3 November 2003 – Further to the news that UK power generators have warned of future blackouts, electricity sector chiefs would like the government to reinstate capacity payments as a means of ensuring future security of supply. However, with a relatively new energy minister, this is more about pressuring tactics than market realities, writes Datamonitor Energy Consultant, Alex Solomon.
Ian Russell, chief executive of ScottishPower, has warned that a power supply crisis is a distinct possibility within the next few years. The combination of scheduled closures of older nuclear and coal-fired plants, together with the UK’s current low renewable capacity means that blackouts could occur. Mr Russell and other industry executives have stated that they are not prepared to invest in new plants while wholesale prices remain low.
ScottishPower and Powergen, two of the UK’s largest electricity suppliers, favour a return to capacity payments, abolished with the introduction of NETA in 2001. Under the old pool system, capacity payments were made to generators in return for keeping less efficient plants operating.
Currently the market has no equivalent mechanism and the reserve margin has fallen from the deemed safe level of 20 per cent to as low as 2 per cent on one occasion in the past year. National Grid Transco (NGT) has suggested that the margin could fall to as low as 7 per cent this winter.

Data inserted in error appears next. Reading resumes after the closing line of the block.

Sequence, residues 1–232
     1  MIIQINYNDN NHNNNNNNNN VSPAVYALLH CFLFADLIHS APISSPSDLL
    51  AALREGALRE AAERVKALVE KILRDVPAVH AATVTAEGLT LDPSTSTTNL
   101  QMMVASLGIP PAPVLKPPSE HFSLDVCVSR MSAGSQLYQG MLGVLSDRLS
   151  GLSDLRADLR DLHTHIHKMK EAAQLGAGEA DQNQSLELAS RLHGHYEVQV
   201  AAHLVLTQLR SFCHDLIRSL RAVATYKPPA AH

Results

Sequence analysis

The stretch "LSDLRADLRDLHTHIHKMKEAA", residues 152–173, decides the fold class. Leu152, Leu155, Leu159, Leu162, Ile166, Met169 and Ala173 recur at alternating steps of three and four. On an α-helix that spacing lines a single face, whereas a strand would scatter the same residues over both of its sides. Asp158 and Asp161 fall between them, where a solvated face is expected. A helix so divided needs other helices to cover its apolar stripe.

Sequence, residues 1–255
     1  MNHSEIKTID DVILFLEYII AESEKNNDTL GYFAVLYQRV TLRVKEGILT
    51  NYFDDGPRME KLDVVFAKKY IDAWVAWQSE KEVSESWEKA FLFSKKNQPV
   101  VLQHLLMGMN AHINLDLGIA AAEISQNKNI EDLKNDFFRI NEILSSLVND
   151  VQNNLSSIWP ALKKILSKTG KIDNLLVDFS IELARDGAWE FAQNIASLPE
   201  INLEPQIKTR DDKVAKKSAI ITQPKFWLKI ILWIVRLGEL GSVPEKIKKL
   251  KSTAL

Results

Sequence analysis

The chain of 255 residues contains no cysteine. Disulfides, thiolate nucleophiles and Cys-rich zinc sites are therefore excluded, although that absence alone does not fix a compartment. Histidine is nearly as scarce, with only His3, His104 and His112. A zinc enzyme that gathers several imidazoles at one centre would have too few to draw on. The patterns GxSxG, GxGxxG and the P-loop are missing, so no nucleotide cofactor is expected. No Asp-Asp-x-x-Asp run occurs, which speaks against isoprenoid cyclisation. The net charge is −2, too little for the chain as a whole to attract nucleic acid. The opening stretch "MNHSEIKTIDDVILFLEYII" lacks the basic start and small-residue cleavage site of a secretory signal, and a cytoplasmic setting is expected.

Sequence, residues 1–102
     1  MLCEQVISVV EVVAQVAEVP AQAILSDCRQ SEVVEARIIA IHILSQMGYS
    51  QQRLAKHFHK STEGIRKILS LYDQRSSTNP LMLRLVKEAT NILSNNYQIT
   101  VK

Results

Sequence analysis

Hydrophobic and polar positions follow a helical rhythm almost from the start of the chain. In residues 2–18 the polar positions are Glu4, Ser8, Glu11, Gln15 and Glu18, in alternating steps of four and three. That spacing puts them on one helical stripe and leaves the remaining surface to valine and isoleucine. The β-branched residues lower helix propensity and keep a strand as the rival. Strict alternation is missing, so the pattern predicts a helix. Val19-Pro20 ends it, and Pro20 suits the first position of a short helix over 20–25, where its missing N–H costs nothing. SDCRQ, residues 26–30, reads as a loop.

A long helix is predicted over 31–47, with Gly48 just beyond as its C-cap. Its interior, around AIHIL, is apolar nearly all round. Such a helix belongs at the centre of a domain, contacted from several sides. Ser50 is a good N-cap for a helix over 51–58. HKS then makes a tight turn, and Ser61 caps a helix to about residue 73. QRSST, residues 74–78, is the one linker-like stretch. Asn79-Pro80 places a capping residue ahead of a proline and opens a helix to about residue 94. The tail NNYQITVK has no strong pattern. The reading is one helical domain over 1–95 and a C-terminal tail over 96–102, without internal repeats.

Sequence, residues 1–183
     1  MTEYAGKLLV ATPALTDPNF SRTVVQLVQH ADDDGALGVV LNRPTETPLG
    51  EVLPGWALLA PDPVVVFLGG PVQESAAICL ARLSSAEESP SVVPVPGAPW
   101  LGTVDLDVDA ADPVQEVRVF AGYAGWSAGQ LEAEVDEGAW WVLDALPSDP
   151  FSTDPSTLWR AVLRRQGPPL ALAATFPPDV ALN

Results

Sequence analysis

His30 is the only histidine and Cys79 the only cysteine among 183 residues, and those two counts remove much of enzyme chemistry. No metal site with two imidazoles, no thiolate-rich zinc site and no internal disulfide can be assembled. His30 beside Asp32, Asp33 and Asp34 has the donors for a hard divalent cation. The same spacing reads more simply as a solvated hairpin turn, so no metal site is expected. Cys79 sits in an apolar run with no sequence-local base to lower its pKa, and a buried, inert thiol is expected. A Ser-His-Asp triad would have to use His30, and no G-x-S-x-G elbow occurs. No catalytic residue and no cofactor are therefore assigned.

The capacity payments system, which was open to manipulation, did at least provided sufficient advance warning to generators to bring mothballed capacity back online. At present 4.6 GW of generation capacity in the UK is mothballed, with NGT estimating that 55 per cent of this can be operational at short notice.
According to Datamonitor, it would take an exceptional combination of factors to bring about blackouts in the UK this winter. Although the longer-term situation will require careful planning, NGT is currently examining a range of options to ensure security of supply this winter. These include allowing plants to operate at above their maximum generating levels and offering large power consumers ‘turn down’ contracts to reduce consumption at times of peak demand.
Datamonitor believes Mr Russell’s comments are an attempt to pressurize the government and Ofgem, both thought to be opposed to capacity payments, into market intervention. Both should resist the industry’s latest attempts at coercion.